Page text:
Hema promises to hit home runs on all four. (A personal bet: in 2018, Hema will rank amongst the BRI’s top ten brands.) Assuming expansion plans proceed smoothly, there will be more than 1,000 supermarkets across the country by the end of 2018.  As it achieves broad scale, the brand will project profound cultural resonance.

Consumer Lifestyle Liberation

First, Hema provides multi-level reassurance. China is the ultimate low-trust society. Economic, social and political interests remain unprotected by impartial institutions.  Food, specifically, is dangerous stuff.  The fear of contamination has been acute since 2008, when hundreds of thousands of babies developed kidney stones due to a supply chain compromised by corruption. (Parent pay 300% premiums for imported infant formula.) In this context, Hema’s transparency is manna from heaven. QR code displays reveal the origin of every product – where it was made, where it’s from – as a guarantee of quality. Shoppers breathe a collective sigh of relief.

Second, the Hema purchase process frees consumers from the tyranny of the check-out line while introducing new levels of “seamless product trial.”  Rather than piling all goods into a cart and handing over cash over to a surly worker at the cash register, shoppers can “graze and pay” as they go. Imagine a woman enticed by a tropical fruit she may serve at a dinner party. With Alipay, she can buy just one, take a bite, and buy ten more later if the product passes muster. Or she can order online for delivery just before the event.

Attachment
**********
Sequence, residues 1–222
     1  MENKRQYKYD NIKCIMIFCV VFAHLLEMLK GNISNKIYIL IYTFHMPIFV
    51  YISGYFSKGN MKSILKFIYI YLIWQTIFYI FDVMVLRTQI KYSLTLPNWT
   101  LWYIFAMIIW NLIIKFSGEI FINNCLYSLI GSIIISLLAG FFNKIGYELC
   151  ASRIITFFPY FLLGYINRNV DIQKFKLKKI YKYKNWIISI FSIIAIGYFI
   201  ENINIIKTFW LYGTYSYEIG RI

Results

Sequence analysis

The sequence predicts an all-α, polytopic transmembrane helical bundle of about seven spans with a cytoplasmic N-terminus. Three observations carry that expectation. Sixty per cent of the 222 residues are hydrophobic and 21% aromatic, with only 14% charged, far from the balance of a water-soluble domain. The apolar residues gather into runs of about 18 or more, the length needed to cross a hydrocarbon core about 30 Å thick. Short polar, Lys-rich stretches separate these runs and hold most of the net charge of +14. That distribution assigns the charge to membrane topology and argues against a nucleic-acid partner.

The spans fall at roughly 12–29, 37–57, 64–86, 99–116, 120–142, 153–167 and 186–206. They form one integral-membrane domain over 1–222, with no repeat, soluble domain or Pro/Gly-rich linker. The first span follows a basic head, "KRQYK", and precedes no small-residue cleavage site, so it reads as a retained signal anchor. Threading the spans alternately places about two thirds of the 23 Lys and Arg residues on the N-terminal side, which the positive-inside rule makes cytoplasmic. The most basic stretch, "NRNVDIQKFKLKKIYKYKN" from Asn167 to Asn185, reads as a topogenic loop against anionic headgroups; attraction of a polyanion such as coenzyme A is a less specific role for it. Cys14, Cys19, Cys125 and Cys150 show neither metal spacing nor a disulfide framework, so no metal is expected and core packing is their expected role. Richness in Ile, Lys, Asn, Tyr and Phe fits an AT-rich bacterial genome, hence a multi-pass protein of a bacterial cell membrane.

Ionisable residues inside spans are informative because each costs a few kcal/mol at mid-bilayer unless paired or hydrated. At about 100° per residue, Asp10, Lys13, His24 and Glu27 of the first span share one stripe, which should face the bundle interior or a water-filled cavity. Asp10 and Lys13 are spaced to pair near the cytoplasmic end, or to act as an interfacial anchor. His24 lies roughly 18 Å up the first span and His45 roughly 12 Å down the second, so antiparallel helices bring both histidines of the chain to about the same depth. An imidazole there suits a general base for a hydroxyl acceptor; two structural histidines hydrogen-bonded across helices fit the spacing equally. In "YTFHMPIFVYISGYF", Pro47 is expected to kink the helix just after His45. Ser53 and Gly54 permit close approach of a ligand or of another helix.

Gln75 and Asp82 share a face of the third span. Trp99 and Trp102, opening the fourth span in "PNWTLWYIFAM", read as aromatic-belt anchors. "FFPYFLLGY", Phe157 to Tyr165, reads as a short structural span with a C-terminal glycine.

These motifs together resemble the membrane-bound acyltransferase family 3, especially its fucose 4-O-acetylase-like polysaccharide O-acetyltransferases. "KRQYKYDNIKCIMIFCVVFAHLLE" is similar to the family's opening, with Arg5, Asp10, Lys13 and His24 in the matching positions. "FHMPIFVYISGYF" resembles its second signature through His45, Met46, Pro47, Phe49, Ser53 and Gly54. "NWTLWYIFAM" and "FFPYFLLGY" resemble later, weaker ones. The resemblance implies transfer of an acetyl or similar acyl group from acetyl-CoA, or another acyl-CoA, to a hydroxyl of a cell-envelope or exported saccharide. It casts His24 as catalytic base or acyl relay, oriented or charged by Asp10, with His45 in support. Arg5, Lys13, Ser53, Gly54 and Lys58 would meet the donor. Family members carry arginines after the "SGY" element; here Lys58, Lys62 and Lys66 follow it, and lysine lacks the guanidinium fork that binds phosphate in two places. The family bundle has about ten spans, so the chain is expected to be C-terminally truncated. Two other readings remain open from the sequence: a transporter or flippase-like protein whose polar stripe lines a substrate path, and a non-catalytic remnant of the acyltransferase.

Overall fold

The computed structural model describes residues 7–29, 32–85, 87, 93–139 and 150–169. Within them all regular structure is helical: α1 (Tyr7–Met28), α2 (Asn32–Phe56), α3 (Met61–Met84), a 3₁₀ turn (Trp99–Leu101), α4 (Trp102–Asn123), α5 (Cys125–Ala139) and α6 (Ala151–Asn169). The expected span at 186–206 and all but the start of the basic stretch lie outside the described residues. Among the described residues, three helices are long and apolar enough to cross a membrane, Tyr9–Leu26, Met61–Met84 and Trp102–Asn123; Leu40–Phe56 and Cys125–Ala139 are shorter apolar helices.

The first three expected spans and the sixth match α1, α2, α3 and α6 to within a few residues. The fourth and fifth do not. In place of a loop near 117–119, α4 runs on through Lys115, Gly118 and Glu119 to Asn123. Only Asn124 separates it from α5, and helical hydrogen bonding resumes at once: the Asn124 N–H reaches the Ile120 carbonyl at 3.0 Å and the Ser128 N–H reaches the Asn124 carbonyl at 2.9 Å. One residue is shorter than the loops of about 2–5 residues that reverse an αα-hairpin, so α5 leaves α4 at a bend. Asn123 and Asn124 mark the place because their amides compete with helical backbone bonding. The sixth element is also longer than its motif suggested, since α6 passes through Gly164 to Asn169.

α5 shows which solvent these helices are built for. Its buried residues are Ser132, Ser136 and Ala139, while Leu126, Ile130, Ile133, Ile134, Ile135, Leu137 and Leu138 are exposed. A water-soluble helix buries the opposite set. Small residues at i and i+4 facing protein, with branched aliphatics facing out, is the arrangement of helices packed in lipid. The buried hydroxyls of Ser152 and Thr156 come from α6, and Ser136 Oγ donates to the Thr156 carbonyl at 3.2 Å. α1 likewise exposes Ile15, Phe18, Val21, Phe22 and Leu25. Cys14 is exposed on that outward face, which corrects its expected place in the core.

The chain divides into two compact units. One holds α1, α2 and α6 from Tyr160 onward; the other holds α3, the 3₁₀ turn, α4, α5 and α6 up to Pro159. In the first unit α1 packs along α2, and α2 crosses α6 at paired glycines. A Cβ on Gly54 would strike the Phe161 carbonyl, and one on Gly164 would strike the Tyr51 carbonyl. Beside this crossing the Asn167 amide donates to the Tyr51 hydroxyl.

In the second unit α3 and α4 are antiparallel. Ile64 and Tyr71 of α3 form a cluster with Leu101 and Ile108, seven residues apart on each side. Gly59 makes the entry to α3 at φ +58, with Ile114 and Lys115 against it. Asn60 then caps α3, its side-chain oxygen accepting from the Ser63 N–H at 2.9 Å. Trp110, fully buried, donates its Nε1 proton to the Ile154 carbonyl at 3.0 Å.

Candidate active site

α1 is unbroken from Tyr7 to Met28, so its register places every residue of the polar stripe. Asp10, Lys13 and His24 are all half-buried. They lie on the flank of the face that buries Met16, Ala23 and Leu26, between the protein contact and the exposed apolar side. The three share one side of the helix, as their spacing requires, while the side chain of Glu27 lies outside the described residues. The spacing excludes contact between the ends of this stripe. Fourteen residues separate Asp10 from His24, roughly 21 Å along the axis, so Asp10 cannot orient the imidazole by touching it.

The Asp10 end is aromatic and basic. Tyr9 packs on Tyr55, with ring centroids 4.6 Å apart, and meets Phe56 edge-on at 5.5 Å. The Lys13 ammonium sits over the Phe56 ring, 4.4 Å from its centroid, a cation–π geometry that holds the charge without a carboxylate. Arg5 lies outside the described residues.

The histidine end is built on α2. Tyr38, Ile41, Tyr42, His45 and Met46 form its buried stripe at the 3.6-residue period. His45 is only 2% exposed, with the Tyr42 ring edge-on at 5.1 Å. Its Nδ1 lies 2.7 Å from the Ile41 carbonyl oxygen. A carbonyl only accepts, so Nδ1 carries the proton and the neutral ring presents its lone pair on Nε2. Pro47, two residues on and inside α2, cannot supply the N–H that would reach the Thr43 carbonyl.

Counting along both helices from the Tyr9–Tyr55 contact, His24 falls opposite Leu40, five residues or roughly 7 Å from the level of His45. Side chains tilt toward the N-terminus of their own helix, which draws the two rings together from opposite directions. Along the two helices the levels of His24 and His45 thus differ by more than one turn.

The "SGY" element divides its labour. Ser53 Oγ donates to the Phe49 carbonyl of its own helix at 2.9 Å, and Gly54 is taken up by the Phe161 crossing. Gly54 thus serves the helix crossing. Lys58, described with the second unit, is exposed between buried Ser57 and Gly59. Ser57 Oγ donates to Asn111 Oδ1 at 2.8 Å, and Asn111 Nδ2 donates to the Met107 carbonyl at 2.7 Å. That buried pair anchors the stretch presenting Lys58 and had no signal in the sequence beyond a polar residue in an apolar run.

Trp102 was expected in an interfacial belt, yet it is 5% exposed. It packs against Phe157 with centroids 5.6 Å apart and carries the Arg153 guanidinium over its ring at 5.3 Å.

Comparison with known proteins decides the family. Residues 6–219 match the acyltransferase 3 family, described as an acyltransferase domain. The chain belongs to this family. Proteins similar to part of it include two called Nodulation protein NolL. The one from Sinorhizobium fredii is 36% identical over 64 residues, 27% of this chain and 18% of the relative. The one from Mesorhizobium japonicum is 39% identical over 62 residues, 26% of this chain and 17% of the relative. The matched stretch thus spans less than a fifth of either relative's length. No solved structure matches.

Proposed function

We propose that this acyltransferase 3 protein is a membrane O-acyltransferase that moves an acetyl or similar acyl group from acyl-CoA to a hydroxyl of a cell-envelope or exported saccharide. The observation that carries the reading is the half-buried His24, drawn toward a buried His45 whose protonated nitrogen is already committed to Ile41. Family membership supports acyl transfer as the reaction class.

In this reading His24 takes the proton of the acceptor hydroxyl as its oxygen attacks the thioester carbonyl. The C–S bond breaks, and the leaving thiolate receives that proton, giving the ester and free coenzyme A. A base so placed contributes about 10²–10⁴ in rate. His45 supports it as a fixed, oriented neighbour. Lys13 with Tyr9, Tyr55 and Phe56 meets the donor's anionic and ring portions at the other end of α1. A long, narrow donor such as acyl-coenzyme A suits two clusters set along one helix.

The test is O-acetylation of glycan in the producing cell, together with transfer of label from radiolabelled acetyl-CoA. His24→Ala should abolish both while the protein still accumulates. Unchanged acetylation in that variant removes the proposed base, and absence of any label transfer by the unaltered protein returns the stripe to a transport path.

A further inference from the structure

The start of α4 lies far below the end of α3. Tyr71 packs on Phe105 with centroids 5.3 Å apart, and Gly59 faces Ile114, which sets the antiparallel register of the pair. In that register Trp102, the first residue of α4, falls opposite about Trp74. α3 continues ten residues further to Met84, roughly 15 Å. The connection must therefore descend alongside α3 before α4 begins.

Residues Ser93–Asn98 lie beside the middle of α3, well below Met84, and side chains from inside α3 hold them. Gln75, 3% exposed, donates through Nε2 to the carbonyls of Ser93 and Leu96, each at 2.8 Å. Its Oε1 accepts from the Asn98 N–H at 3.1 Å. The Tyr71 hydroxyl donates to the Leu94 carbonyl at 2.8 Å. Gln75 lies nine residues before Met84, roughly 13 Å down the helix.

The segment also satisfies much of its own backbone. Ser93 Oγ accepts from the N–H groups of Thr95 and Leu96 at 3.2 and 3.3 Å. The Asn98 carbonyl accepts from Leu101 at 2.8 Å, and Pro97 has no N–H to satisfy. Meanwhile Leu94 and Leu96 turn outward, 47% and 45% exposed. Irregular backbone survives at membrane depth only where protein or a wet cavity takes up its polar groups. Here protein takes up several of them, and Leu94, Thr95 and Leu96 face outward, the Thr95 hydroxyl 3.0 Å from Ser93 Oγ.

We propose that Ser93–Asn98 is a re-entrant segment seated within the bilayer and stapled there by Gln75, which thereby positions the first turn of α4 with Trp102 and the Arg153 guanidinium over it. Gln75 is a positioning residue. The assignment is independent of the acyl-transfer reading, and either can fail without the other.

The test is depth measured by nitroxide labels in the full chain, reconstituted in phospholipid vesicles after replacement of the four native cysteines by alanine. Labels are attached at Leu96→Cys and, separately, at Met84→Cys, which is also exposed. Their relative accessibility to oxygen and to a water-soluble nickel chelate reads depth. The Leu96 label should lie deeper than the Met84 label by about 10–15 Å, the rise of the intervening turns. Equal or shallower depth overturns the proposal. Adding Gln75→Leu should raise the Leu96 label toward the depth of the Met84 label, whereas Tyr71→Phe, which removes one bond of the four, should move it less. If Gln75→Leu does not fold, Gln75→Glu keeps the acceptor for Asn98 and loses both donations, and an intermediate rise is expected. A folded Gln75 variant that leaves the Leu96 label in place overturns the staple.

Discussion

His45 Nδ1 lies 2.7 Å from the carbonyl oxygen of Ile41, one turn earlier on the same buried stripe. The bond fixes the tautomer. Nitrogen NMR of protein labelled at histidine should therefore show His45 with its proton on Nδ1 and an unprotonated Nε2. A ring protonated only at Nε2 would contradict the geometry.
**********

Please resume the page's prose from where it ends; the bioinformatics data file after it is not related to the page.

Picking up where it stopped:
Third, the supermarket opens new worlds of discovery. Until now, food shopping is notorious for repetitive monotony. But Hema’s multidimensional O2O experience turns shoppers to connoisseurs of the exotic. Buyers are instantly provided information about, say, a novel dessert’s provenance or recipe ideas for unusual seafood dishes. In China, a nation obsessed with sending pictures of food through cell phones, culinary adventurism is tantamount to lifestyle elevation. Given the ubiquity of social media platforms WeChat and Weibo, cuisine is translated into “face” – that is, currency of social advancement. “Showing you know” is a weapon on China’s competitive battlefield of life.

A New Wave of New Retail? 

Is Hema the shape of things to come? Time will tell.  Some traditional supermarkets such as YongHui and RT Mart have tried unsuccessfully to copy Hema’s model.  Entry barriers are high. They include the need to guarantee freshness and offer low prices, both of which depend on the resources and scale of Tmall, Alibaba’s business-to-consumer (B2C) online platform.  Furthermore, some benefits require operational innovation conventional stores are not ready to undertake – for example, standardized packaging weights to ensure identical on- and offline SKUs.

Still, Hema’s trailblazing triumph is a revelation for consumers, proof that the combination of corporate scale and inspiring O2O engagement can yield a breakthrough China can be proud of.

With thanks to Qi Si for his research and strategic thinking